How to invest in ETFs location-independently

Hi there,

As it happens, I bought ETFs with Trade Republic while registered in Germany (I’m a German citizen). I decided to quit my job, and go digital nomad for time indefinite with my (American) girlfriend.

Germany required me to unregister while away. That prompted Trade Republic to cancel my account (I have to sell the shares).

No big deal, since I’ve only been doing it for 6 months - but I don’t want that to happen again for obvious reasons.

Is there a broker that lets me invest in ETFs location-independently, with zero risk of them cancelling me (makes little sense to invest in a low-risk portfolio with the risk of cancellation after a few years)? Any tipps & tricks?

I have no experience with Germany and that does sound a bit strange that they would make you de-register if you told them you were going on holiday. (Albeit, a long one).
One alternative - next time don’t tell them. Just maintain your accounts in Germany and if necessary use an address of a friend or family member.
In Bermuda, where I live, location isn’t really an issue with only a few exceptions. You will however need a connection to Bermuda in order to set the account up initially so that might rule out that option.
An alternative would be to set up a wholly owned company to invest eg set up a company in Bulgaria or Panama to open the investment account and buy and sell in the company name. It’s an increase in costs to maintain the company but the company’s location never changes.

I’ve always found the “don’t ask; don’t tell” approach works. Set up your investment account and banking details first. Go travelling and don’t tell them. After all, you’re just going on a short vacation - that just keeps getting extended. I find that once set up, they rarely ask for updated information unless you ask them to do something new.



In Germany, the law changed in 2015 (Bundesmeldegesetz) and deliberately tries to prohibit people from doing that.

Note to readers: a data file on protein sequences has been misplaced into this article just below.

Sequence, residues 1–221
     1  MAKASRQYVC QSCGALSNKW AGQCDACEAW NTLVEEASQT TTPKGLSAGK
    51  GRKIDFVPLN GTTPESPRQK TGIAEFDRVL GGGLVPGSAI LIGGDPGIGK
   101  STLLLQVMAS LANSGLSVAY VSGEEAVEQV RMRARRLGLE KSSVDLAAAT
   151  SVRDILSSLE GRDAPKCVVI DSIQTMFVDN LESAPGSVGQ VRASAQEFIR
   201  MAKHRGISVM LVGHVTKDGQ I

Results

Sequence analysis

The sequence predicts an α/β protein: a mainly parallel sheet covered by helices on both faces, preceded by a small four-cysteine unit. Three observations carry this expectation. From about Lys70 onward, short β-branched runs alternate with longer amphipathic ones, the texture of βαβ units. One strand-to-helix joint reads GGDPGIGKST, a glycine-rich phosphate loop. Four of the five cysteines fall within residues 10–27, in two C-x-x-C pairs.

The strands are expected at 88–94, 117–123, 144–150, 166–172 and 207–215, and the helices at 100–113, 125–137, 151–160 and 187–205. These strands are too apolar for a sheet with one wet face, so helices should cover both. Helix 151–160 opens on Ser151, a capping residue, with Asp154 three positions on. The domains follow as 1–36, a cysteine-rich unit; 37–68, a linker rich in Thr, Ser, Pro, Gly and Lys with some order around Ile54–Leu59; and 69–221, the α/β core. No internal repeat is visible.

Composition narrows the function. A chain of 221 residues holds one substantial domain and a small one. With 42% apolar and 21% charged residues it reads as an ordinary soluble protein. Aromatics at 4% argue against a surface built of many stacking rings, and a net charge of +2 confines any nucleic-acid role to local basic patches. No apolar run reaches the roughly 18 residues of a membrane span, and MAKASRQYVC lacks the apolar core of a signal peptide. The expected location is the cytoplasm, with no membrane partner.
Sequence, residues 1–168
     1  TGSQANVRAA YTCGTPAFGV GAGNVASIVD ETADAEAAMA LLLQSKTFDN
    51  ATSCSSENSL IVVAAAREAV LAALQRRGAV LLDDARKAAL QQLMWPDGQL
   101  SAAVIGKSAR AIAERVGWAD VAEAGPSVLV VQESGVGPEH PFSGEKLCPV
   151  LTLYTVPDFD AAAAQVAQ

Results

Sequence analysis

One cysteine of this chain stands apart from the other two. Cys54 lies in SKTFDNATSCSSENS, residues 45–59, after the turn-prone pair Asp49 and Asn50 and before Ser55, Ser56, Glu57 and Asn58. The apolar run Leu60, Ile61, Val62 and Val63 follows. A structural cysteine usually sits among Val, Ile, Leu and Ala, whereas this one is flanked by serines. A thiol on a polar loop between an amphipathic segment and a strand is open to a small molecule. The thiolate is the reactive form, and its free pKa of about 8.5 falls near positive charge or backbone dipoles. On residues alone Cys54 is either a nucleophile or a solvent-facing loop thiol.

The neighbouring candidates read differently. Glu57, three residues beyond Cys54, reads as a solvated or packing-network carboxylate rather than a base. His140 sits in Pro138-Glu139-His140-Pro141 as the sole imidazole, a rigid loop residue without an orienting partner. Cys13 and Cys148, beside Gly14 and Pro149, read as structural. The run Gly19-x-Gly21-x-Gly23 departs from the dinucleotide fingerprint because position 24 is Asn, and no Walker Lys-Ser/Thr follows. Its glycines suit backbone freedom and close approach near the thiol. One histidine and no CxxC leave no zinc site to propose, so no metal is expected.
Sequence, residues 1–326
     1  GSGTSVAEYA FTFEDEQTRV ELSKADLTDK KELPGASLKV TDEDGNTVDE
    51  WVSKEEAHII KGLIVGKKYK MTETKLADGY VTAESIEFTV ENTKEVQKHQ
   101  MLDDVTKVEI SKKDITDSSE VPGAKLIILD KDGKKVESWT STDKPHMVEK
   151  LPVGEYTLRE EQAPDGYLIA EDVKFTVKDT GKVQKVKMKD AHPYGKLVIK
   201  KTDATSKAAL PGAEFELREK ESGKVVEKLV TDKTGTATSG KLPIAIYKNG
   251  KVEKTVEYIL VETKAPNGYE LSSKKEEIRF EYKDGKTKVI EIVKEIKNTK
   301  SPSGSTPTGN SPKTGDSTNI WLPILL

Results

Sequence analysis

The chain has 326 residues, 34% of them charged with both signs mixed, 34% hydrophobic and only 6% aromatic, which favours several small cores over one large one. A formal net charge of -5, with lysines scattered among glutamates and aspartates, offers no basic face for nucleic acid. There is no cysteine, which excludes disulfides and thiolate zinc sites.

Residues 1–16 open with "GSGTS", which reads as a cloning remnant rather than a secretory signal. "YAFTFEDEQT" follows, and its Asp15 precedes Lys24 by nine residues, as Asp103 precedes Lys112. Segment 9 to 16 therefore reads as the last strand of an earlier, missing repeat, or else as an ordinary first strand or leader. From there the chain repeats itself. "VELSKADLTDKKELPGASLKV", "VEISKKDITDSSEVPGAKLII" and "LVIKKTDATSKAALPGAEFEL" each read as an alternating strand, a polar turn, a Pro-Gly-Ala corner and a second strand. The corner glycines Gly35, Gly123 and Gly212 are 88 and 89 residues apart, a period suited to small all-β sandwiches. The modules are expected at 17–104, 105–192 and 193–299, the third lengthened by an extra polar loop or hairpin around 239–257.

Most likely, the don’t ask don’t tell approach would work anyway - but I don’t want the (small) risk of adverse effects due to breaking the law in Germany.

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To answer your initial question, Interactive Brokers should be a safe bet. They offer accounts to residents of most countries.

Financially it may not make sense to use IB unless you deposit $100,000 or invest a significant amount per month (several thousand Euros), due to their minimum commission of $10 per month for accounts with less than $100,000 worth of assets.

If your investments amount to less than that consider a low-cost EU based broker outside of Germany. While they may require you to be EU resident on paper, at least they won’t automatically cancel your accounts when you deregister from the country.

Examples could be Degiro or Trading 212.

You may also want to check that the broker you choose will allow you to transfer your holdings to another broker instead of needing to sell in case you ever need to close the account. This can come in handy if you ever need to close the brokerage account at a time where it would not be beneficial from a tax perspective to realize all your capital gains.


Hi Niklas!

I was just wondering how you proceeded after Trade Republic. I had heard good stuff about them but didn’t know I had to be registered as living in Germany. I just heard about Sofi Invest which seems to me is similar to Trade Republic but I must say I still feel overwhelmed by all the possibilities, taxes, currencies, etc.

I’ve just had a look at Hanna’s new article “The World’s Best Low-Cost Online Brokers”. There are two points that are not discussed:

  1. SIPC protection. Which brokers offer it, to which clients and covering which assets? Interactive Brokers used to offer it to clients resident worldwide, but a few years ago they moved the Hong Kong clients like myself to their Hong kong-registered subsidiary, and the USD 500,000 SIPC account protection was replaced by HK’s Investor Compensation Fund, managed by Investor Compensation Company Limited (a subsidiary of the local Securities and Futures Commission) only protecting up to HKD 150,000 (i.e. USD 19,230, 26 times less than SIPC!). On the other hand, I need a broker able to deal with Ireland-registered ETF’s, to avoid US inheritance tax and reduce the dividend tax witholding from 30% to 15%.

  2. Custodian fees: if I’m not wrong some European brokers such as Saxo charge them, but this, and in which measure, is not detailed in the article.

Otherwise, a very useful report: thanks Hanna!